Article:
The 1986 Chernobyl nuclear accident, the post-9/11 fears of terrorist attacks on nuclear facilities, and the March 2011 disaster at the Japanese Fukushima nuclear plant are all situations that have focused attention on protecting the thyroid gland from radiation. In particular, the use of the supplement potassium iodide - also known by its chemical symbol KI -- is of interest, because it can help prevent radiation-induced thyroid cancer. The following are key resources regarding radiation and the thyroid.
Here are ten important things that Americans need to know about protecting the thyroid gland from radiation, and the use of potassium iodide as a radiation blocker.
With news that rising radiation levels in soil and seawater around the damaged Fukushima nuclear plant are evidence of a meltdown, concerns are rising about the radioactive dangers from the troubled plant. And in the U.S., the concerns are also focused on whether the radiation may be harmful to the health of people outside Japan. And if so, how do those of us not in Japan protect ourselves against radiation? Do we even need to?
As reports indicate that elevated levels radioactive iodine are showing up water, milk and some food in the United States, should Americans trust the EPA, which says it's all within normal ranges, or Physicians for Social Responsibility, who say: there is no safe level of radionuclide exposure, whether from food, water or other sources. Period." And either way, what can you do to minimize any risks?
Japanese officials have announced that they upgraded the severity of the Fukushima nuclear accident from a 5 to the maximum of 7, the highest rating given to a nuclear accident. The IAEA describes a level 7 event as "a major release of radioactive material with widespread health and environmental effects requiring implementation of planned and extended countermeasures". The only nuclear accident ever rated 7 by the International Atomic Energy Agency's (IAEA) has been Chernobyl, which took place around 25 years ago, on April 26, 1986.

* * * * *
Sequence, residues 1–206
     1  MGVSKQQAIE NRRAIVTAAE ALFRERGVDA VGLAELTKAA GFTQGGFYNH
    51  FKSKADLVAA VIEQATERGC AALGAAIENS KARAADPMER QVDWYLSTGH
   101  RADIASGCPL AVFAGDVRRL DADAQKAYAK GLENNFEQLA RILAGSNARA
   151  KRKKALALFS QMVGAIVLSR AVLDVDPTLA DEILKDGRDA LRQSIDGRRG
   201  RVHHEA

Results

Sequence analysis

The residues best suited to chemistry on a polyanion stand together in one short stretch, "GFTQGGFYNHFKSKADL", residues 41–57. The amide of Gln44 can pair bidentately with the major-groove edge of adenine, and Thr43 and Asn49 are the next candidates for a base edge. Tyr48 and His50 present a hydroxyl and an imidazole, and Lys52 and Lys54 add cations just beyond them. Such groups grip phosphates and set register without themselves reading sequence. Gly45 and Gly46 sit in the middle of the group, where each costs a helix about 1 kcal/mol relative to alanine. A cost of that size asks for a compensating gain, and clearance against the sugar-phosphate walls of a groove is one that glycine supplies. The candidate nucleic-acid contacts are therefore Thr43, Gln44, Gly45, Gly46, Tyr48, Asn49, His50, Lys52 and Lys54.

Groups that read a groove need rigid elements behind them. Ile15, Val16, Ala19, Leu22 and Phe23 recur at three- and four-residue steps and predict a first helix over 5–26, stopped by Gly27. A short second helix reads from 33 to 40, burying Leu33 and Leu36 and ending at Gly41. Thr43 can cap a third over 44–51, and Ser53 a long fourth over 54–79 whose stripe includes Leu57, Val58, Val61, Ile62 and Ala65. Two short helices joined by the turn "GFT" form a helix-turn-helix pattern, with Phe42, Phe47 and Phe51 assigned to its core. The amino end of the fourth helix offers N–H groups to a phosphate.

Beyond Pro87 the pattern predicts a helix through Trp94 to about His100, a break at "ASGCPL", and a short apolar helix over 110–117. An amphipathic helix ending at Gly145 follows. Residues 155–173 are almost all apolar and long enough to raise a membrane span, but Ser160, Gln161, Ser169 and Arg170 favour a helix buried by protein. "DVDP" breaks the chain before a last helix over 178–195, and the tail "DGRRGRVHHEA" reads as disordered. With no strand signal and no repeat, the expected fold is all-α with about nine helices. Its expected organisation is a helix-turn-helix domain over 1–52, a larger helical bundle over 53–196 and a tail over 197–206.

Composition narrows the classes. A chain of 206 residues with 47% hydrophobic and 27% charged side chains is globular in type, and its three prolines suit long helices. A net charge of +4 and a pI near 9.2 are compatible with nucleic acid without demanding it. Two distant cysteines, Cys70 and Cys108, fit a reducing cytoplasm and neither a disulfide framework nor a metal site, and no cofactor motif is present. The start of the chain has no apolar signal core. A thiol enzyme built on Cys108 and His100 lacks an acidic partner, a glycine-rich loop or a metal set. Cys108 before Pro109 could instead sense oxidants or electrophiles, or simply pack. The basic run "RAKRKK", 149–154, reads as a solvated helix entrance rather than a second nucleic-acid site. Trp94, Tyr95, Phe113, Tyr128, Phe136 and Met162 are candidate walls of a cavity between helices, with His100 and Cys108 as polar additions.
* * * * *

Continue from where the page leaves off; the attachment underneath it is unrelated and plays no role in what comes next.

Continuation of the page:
I went out to dinner and had Japanese food. With radioactivity detected in the ocean near the Fukushima plant, and now in algae and fish in Japanese waters, I had to wonder if I got a side order of radioactive iodine 131 with my sushi?
On March 23, 2011, Japanese officials issued warnings that radioactive iodine in Tokyo's water supply was exceeding guidelines for safety in infants.
People are responding in many different ways to the Japanese reactor leaks and the resulting radiation emergency in Japan, and have differing views on how to protect their thyroid health. In this poll, readers identify the ways they are reacting to the radiation risks, and share their thoughts about the concerns over radiation from the Japanese Fukushima nuclear plant.
Tthe March 2011 earthquake and tsunami in Japan -- and the subsequent damage to the reactors -- created a great deal of speculation as to the need for Americans to use potassium iodide to protect the thyroid from radiation. One of the nation's leading endocrinologists, Theodore Friedman, MD, PhD, offered his advice on the issue.
Supplement manufacturers and distributors -- as well as some radiation and medical "experts" -- seem to have an interest in stoking the fear and frenzy over the Japanese nuclear disaster. Where can you go for legitimate, sound information on the use of potassium iodide for thyroid protection during a radiation emergency? Here are some reliable sources.
A look at the panic buying and resulting global shortage of potassium iodide, the supplement that can help protect the thyroid gland in the event of radiation exposure.
A look at the use of potassium iodide for thyroid protection, not only in lieu of the Japanese situation, but also given the prevalence of nuclear reactors in earthquake zones in the United States.